Three people were asphyxiated while working on a Mobile Offshore Drilling Unit (MODU), which was laid up getting ready for a leavy lift transport to an overseas ship breaking facility. Seven crew members were dewatering the MODU’s four legs. They were experienced mariners, but lacked MODU experience, according to the Coast Guard.
Three marine crew members die after being overcome by fumes in confined space
Because the de-ballasting system wasn’t working in one leg, the crew rigged a portable diesel-engine-driven pump. The Coast Guard says five crew members, including the Superintendent and Captain, were on a dinner break, leaving one crew member and the Electrician overseeing the dewatering operation. The crew member didn’t tell anyone before descending into the leg to check the pump. When the Electrician didn’t see the crew member on deck, he went down into the leg to look for him, and found the crew member unconscious near the pump. The Electrician narrowly managed to escape the exhaust fumes, and went to get help. Other crew members, including the Captain and Ship Superintendent descended to help, without any safety equipment to protect themselves from the fumes. Only the ship’s Rigging Master put on a Self-Contained Breathing Apparatus, brought onboard from another vessel, before entering the leg to help.
In the end, three crew members died, while the Captain and Superintendent were airlifted to a hospital and survived.
Click here to read the full article. Article written by Meg Walburn Viviano, Chesapeake Bay Magazine.
Every year people die as a result of work in confined spaces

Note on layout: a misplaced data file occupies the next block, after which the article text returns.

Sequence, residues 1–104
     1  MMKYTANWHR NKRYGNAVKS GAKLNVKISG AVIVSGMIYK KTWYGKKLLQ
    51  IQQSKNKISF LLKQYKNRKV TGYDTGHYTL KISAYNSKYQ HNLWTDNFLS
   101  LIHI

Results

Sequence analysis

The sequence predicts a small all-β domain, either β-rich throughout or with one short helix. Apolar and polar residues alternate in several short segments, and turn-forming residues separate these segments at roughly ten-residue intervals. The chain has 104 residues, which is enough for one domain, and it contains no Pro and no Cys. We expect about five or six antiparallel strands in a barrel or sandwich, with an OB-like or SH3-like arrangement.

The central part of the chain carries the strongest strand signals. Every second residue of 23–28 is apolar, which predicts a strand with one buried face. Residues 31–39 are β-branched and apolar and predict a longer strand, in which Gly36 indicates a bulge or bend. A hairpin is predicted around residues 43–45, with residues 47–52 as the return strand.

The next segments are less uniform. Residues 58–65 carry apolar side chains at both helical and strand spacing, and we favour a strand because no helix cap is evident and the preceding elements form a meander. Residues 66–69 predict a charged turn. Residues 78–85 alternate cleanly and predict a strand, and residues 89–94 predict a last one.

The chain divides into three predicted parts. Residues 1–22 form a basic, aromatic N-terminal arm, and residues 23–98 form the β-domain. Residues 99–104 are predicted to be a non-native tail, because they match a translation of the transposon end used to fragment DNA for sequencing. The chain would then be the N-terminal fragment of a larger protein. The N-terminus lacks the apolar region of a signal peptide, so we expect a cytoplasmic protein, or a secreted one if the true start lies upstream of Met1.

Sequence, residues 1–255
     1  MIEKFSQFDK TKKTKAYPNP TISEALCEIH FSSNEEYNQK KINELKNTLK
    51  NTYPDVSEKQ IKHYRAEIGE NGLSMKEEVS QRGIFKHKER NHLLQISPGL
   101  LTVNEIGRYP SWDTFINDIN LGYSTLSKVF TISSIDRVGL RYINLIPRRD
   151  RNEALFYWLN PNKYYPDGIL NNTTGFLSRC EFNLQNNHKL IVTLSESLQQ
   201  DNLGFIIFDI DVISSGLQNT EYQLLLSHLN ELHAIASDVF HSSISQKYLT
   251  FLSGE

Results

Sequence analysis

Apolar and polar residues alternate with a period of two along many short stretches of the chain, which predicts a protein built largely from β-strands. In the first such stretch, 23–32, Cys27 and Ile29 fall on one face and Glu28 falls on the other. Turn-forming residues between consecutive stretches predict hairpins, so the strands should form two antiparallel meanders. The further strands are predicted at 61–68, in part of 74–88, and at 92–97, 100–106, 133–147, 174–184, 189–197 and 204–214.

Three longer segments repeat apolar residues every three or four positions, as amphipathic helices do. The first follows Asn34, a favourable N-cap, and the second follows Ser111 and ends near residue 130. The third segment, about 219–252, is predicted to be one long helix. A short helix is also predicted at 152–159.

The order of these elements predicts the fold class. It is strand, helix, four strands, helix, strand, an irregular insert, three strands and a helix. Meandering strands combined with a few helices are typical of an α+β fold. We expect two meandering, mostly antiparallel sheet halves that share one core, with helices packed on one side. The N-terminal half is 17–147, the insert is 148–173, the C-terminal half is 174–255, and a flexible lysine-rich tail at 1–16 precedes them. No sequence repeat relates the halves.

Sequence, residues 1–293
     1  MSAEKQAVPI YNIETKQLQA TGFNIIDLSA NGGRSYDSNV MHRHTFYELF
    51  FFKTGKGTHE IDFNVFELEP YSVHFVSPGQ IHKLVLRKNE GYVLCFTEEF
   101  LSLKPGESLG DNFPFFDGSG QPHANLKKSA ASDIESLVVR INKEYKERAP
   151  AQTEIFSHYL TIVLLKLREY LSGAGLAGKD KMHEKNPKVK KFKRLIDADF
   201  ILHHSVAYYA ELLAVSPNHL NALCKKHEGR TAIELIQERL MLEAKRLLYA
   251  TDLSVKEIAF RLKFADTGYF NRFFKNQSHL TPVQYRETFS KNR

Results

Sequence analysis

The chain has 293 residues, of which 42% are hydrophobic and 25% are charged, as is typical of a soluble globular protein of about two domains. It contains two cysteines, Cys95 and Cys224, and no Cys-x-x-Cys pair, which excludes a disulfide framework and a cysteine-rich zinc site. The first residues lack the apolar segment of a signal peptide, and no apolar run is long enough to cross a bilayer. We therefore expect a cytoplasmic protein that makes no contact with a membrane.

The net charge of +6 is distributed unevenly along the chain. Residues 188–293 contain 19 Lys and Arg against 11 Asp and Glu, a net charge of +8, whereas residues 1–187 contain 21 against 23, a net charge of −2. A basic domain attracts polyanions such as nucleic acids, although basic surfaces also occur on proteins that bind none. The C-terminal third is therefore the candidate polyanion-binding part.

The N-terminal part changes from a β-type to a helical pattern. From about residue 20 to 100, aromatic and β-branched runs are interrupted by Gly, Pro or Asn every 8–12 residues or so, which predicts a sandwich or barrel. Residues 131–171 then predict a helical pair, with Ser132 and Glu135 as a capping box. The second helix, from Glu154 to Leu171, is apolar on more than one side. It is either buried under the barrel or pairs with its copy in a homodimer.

On average 15 people are killed each year in the UK during work in confined spaces and even more are seriously injured. Fatalities are not just confined to those carrying out work in confined spaces, but also those who attempt to rescue trapped personnel without proper confined space training and rescue equipment.
Under the Health and Safety at Work Act (1974) employers are responsible for ensuring the safety of their employees and others. This is further reinforced by the Confined Spaces Regulations (1997) which are in place to protect staff and others against risks to their health while working in a confined space.
Proper training helps employees remain competent and provides them with the knowledge to spot workplace risks, implement safety controls, write risk assessments and more.
Key hazards associated with confined spaces
- Flammable vapours
- Loss of consciousness resulting from gas, fumes, or lack of oxygen
- Loss of consciousness arising from a change in body temperature
Employee injury, illness and death are real possibilities when working in confined spaces. That’s why proper training is so crucial to the safety of all workers.
Confined Spaces training with Develop Training
Everyone should go home safe at the end of the day and this is why we offer a full range of comprehensive confined space training.
Click the link below to browse our full range of confined space training courses. Alternatively, give our friendly Customer Service team a call on 0800 876 6708.
Find out why confined spaces training is so important by reading our dedicated blog post – click here.
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